A great network is the foundation of every successful entrepreneurial career.
As tempting as it sounds (especially for introverts) big business wins don’t happen from years of slaving alone in your basement. A bit of that is always required but as always, it’s about who you know.
To cut the preamble short: This quick-and-dirty article breaks down the seven most deadly networking mistakes I see all sorts of (otherwise smart) entrepreneurs making.
Since you know who’s blog you’re reading, I barely need to tell you that these are so counter intuitive you might actually hear other “experts” giving contradictory advice.
Only amateurs do the following…
1. Go to “Networking Events”
Don’t do it.
Something so counter-intuitive has never been so true. Networking events are usually full of desperate newbies who’ve been told they need to network to grow their business.
Everyone in the room is looking for sales leads. By default, they’re not looking to buy. Or help. You see the problem?
2. Network for Direct Sales
If your business model requires you to personally go fishing for prospects, we need to have a chat about “scale” and your business model. Hint: It’s broken. It’s also icky.
Chances are you’re rocking a model that will reward success with increasing hard work, which can only ever result in a burn out. There are a tiny few exceptions to this rule, especially in cases where the entrepreneur is networking with extraordinarily wealthy people to sell extremely high margin products. In other words, if it’s worth it and you can do it with integrity you’re in the 1% of people who can violate this rule quite successfully.
3. Network without a clear outcome in mind.
Networking is for these purposes: Forging powerful partnerships, finding amazing staff, raising capital, connecting with mentors, whatever. Not Sales (see #2).
Having a clear idea of what you’re after is key to finding it. Psychologically, metaphysically and conversationally. If you’re lucky enough to connect with someone who digs your vibe and really wants to help you, being able to articulate what you’re looking for is critical.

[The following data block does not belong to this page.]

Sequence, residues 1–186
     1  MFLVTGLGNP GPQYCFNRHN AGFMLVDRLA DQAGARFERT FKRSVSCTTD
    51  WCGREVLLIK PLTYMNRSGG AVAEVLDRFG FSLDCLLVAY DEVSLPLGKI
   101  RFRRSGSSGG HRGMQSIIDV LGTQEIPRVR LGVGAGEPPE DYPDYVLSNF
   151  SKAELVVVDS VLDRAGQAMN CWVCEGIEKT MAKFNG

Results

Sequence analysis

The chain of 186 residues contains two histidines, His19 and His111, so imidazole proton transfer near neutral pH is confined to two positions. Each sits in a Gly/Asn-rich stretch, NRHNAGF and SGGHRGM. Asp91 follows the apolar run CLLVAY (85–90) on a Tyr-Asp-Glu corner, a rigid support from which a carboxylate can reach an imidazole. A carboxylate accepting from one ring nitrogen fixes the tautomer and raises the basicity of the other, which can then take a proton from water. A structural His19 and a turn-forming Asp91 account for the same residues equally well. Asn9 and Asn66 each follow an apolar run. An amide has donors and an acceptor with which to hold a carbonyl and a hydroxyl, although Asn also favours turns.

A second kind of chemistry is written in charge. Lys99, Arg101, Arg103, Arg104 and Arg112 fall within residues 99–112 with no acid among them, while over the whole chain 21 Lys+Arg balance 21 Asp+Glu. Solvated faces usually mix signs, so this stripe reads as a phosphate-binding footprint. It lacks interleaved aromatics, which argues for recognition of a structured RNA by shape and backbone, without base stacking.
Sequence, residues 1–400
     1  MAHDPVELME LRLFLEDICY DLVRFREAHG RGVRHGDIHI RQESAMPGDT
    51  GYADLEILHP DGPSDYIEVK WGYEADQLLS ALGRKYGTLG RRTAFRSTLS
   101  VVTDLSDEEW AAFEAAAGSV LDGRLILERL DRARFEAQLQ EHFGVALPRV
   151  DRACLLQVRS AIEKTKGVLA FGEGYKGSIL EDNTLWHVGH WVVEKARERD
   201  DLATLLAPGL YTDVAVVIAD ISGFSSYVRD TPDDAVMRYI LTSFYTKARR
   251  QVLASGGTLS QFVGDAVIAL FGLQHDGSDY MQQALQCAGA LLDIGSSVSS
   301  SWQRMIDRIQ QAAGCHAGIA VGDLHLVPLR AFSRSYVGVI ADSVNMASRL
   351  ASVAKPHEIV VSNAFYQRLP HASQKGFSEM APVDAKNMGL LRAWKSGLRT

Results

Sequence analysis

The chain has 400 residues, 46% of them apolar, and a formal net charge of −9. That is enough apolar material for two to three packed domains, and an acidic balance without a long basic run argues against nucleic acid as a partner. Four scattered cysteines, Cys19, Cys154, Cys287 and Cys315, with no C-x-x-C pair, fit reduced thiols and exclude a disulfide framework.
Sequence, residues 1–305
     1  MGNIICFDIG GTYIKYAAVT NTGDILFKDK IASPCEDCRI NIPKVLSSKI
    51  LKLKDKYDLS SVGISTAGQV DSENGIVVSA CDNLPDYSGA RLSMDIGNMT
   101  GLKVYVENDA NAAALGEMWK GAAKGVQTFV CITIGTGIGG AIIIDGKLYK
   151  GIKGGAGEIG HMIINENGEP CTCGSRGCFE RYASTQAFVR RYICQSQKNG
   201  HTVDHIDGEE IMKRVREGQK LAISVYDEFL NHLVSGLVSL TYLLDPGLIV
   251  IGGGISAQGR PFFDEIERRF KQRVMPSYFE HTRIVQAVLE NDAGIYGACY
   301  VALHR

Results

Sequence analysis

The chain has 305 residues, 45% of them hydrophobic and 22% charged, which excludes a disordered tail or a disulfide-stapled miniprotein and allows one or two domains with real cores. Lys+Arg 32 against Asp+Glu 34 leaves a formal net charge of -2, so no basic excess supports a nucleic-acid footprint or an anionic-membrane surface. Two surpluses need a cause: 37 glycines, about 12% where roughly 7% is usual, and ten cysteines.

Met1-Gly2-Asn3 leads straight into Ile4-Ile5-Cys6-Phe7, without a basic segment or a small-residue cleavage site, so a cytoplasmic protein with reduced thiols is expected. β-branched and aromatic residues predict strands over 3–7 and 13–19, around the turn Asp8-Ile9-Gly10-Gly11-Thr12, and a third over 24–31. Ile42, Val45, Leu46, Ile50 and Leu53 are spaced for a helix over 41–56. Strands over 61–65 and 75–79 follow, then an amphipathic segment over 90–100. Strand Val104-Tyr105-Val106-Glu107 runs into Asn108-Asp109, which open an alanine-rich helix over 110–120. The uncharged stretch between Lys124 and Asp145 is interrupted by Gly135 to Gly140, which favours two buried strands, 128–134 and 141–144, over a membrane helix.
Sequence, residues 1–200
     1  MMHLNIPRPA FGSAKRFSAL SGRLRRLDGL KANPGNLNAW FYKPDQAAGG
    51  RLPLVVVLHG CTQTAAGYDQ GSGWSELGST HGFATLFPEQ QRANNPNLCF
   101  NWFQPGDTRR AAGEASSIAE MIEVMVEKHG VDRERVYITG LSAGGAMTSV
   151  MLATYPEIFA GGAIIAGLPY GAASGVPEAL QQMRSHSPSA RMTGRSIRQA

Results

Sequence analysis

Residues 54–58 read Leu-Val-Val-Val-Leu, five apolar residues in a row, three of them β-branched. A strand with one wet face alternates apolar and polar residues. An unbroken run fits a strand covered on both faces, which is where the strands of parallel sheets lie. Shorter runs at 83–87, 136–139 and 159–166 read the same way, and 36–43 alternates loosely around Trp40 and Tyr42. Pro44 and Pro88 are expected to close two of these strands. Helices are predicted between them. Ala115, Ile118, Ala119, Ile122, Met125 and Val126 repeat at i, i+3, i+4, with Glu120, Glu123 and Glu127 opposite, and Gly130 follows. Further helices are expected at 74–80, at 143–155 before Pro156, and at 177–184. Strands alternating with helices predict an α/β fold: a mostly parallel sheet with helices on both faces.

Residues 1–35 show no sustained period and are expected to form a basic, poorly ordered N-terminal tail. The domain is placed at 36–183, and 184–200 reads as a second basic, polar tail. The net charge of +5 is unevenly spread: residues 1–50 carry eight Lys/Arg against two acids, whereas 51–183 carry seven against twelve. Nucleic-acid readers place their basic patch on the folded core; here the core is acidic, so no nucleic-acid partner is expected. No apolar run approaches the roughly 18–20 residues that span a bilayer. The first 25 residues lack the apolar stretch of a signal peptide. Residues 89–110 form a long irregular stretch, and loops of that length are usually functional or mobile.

Know your ideal outcome before you engage in your networking experience (conference, party, meet up) and then dive in and forget about it. The forgetting is to avoid mistake #4
4. Cling to your goal like a needy loser
You’re networking, which means that you’re making friends with business people.
If you are focused only on your own needs, you are going to come across as a total asshole. In fact, you are being a total asshole.
Having clarity about what you want is important but once you engage in conversation, just relax. Go with the flow and focus on the other person. What can you do for them?
#5 details more of this mistake in action…
5. Treat networking as anything other than making friends
Too many people screw this up.
Real networking, with the real mega successful people, is just hanging out. It’s chilling. It’s certainly not some kind of speed dating “what-can-you-do-for-me?” type game.
Networking is making friends. High level entrepreneurs find hanging out with like minded people to be both a rare and very rewarding experience. So do that. Just hang.
Most entrepreneurial friendships won’t turn into business relationships without multiple points of contact. In other words, you need to make friends for real. To do that, you need to avoid mistake number six…
6. Be boring
Nobody is born boring but quite a few people grow into it.
Here’s a secret to “making friends with successful entrepreneurs” as described above: Get a hobby.
Mega successful entrepreneurs don’t really spend all day talking about marketing tactics and staff management. They’re passionate people, and that passion bleeds over into other spheres of life.
If you cultivate a passion for something, the mega successful will recognize your winning enthusiasm. Plus, you have something refreshing to talk about. Plus, you’ll get invited on trips/experiences to do your hobby with some extraordinary people.
Just don’t get too caught up in your hobby that you screw up #7…
7. Be uninterested in your own work
Do not engage in networking when you’re not interested in your own work. It’s biggest disaster of them all.
Always be working on an interesting project. You don’t have to have completed it yet or hit a home run. In fact, it doesn’t even have to be directly related to your core business model. Just be working on something. It gives you a reason to talk, ask questions and pick the brains of smart people (which they love). It’ll give you something in common with other entrepreneurs who’ve worked in related fields.
At the highest level networking event I’ve ever attended, I dined with a couple of household name entrepreneurs who were all captivated by a 22 year old kid at the table. He had done nothing but spend the last year interviewing the world’s top neuroscientists. He stole the evening and everyone’s attention. Collected a few business cards too.
Have an interesting project to talk about.
Networking is vastly misunderstood by most entrepreneurs.
It’s really about forming strong friendships with like minded business owners. It’s about building an exponentially vast network of trusted relationships that can be counted on to provide advice and key partnerships when needed.
Everything works in both directions.
Even if you feel like you have nothing to offer and desperately want something from everyone you meet, you must find a way to help others. Helping people to succeed is all that matters. This isn’t a numbered piece of advice, because it should be as obvious as a slap to the face.
The more people you aid and elevate through the network you create, the more successful you’ll be.
Got a question or know of another mistake that you’ve seen people make? Leave a comment and let other readers and I know!